In addition to the fact that Alleyne should not be applied retroactively, its holding has no application here. In the present case, the only facts affecting the sentencing enhancements involved: (i) whether the quantity of crack cocaine involved in the offense equaled or exceeded 28 grams and (ii) whether Mosley had necessary, qualifying felony drug convictions. Mosley's admissions resolved any disputed issues. During the plea hearing held on May 16, 2012, Mosley admitted that he intended to distribute 28 or more grams of crack cocaine and that the United States could prove that fact if the matter proceeded to trial. [Record No. 34, pp. 23-24; Record No. 22, ¶ 3] Further, he acknowledged the fact of his prior felony drug convictions.

In addition to the foregoing reasons to deny the relief Mosley seeks, the Court notes that the rule announced in Descamps v. United States, 133 S.Ct. 2276 (2013), does not have retroactive effect and would not be applicable to the facts of this case in any event. United States v. Patrick, 2014 U.S. Dist. LEXIS 90097 at *8 (E.D. Ky. July 2, 2014) ("The holding in Descamps has no retroactive effect."); Taylor v. United States, 2014 U.S. Dist. LEXIS 101679 at *5 (W.D. Ky. July 25, 2014) (same). In Descamps, the Supreme Court described how courts should evaluate certain prior convictions under the Armed Career Criminal Act ("ACCA"). It noted that a prior conviction "qualifies as an ACCA predicate only if the statute's elements are the same as, or narrower than, those of the generic offense." Id. at 2281.

The Court in Descamps held that "sentencing courts may not apply the modified categorical approach" when determining whether a defendant's prior felony conviction qualifies as a violent felony under the ACCA if "the crime of which the defendant was convicted has a single, indivisible set of elements." Id. at 2282. However, if the statute is "divisible" the modified categorical approach may be utilized. A divisible statute is one that "sets out one or more elements of the offense in the alternative - for example, stating that burglary involves entry into a building or an automobile." Id. at 2281. "If one alternative (say, a building) matches an element in the generic offense, but the other (say, an automobile) does not, the modified categorical approach permits sentencing courts to consult a limited class of documents, such at indictments and jury instructions to determine which alternative formed the basis fo the defendant's prior conviction." Id. [3]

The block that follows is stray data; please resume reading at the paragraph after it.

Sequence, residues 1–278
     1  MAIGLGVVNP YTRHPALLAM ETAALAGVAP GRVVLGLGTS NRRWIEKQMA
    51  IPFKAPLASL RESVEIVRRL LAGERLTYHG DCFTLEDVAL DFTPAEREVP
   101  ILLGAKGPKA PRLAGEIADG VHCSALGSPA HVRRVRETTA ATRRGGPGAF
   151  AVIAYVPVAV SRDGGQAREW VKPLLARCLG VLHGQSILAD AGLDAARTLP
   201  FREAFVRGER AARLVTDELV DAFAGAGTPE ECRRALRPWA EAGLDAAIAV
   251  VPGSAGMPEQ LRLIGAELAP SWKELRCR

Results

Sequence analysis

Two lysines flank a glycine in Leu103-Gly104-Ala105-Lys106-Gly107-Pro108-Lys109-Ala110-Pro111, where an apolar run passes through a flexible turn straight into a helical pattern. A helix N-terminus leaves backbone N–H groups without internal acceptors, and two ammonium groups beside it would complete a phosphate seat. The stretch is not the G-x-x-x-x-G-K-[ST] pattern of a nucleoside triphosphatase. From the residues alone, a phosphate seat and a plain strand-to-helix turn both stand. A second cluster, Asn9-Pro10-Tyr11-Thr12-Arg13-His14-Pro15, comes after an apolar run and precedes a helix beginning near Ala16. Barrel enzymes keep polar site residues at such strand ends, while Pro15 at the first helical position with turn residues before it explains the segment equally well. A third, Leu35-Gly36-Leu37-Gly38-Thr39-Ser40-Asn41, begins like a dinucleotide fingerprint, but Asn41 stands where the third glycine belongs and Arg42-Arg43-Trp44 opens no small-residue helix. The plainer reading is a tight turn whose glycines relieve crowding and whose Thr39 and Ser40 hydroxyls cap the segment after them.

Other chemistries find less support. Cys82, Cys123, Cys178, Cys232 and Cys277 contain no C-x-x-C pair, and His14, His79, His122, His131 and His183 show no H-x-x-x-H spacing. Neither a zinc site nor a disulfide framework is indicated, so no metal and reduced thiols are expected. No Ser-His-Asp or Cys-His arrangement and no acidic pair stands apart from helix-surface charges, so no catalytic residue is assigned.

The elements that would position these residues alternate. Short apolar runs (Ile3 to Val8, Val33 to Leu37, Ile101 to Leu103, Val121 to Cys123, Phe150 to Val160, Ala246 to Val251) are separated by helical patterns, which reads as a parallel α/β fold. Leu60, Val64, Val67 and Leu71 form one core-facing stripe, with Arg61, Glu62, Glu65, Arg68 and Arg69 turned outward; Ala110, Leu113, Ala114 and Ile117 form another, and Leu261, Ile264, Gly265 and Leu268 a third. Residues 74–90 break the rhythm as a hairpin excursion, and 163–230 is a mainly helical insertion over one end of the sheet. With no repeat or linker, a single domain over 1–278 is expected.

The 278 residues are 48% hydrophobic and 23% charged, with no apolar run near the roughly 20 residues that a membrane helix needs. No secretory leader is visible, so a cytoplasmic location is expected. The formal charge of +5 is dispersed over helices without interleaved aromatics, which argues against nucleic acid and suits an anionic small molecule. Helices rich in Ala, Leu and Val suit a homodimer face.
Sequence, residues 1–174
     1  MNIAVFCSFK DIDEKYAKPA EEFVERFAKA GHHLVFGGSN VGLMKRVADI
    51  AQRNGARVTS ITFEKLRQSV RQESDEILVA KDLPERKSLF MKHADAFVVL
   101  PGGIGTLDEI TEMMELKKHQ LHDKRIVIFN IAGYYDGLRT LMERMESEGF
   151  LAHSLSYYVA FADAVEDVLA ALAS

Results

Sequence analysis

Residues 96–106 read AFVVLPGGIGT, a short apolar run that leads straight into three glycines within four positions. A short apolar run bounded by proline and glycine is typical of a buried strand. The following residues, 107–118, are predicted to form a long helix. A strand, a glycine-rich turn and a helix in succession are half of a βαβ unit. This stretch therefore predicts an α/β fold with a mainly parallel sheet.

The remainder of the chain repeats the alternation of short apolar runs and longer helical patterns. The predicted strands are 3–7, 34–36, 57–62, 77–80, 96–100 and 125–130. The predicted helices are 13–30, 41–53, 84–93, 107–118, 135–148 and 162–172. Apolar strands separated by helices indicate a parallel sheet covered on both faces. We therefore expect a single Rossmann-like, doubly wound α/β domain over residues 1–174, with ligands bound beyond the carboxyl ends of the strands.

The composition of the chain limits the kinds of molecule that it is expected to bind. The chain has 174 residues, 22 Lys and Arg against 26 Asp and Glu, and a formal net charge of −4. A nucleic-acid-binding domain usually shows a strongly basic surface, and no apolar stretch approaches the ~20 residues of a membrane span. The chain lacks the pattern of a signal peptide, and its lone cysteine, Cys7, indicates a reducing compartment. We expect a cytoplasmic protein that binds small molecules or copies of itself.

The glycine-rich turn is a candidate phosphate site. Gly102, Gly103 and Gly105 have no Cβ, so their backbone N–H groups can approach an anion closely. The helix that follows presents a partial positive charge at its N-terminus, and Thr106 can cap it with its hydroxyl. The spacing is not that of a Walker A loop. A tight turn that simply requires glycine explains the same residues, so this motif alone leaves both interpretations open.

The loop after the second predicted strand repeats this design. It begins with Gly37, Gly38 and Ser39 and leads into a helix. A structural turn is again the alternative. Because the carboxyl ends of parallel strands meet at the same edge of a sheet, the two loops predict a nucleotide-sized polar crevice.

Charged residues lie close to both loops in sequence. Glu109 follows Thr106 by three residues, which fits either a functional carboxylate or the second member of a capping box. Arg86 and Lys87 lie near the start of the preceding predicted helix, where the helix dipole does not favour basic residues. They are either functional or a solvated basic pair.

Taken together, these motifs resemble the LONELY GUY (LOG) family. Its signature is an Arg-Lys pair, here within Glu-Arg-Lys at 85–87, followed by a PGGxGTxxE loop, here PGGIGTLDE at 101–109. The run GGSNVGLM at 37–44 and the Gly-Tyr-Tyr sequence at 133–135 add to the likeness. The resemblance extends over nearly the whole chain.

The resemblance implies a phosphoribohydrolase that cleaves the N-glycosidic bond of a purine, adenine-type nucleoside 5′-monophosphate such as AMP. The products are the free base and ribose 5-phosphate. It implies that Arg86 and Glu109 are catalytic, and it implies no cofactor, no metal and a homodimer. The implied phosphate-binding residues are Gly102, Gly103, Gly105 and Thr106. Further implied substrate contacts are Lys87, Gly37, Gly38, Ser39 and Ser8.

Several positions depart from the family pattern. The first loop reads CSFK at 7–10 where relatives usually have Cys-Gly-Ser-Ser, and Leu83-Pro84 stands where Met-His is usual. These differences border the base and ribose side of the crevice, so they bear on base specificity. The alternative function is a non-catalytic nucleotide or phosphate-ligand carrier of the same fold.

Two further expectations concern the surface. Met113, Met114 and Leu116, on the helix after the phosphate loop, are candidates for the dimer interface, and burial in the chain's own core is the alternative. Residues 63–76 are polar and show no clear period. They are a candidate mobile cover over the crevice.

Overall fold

Here, the United States complied with the requirements of 21 U.S.C. § 851 by providing the defendant with notice of the convictions used to enhance the statutory penalty applicable to his case. There is no dispute that the qualifying convictions met the definition of "felony drug" offenses. 21 U.S.C. §§ 802(17), (44). In short, the holding in Descamps is simply inapplicable even if it had retroactive effect.

2. Mosley Claim Of Ineffective Assistance Of Counsel Is Without Merit.

In addition to incorrectly arguing that he was sentenced as a career offender, Mosley asserts that he is entitled to relief under 18 U.S.C. § 2255 due to ineffective assistance of his trial counsel. More specifically, Mosley argues that his attorney was ineffective by not seeking to suppress evidence obtain by law enforcement during a "trash pull." [Record No. 29, p. 8] In support of his contention that police conduct violated his fourth and sixth amendment rights, Mosley cites Kimmelman v. Morrison, 477 U.S. 365 (1986), and Bone v. Polk, 441 Fed.Appx. 193 (4th Cir. 2011).[4] However, neither holding is applicable here.

In connection with this argument, Mosley was allowed to expand the record to include his affidavit. Through this affidavit, Mosley states that the trash containers from which evidence was taken were not located close to his house but were located near the curb. Further, he contends that it was not uncommon for others to place materials in the trash containers due to their placement. Thus, Mosley argues that the containers were not within the curtilage of his residence but were in a public area. As the United States points out in its response, the information supplied through Mosley's affidavit hurts, rather than helps, his argument that his Constitutional rights were violated by virtue of law enforcement's actions. If Mosley's factual assertions are correct, he would not have had a reasonable expectation of privacy in the materials in the trash containers placed at the curb for garbage collection. California v. Greenwood, 486 U.S. 35 (1988). Mosley cannot demonstrate that his attorney was ineffective by failing to file a motion that stood no chance of success. Thus, his claim fails under both prongs of Strickland.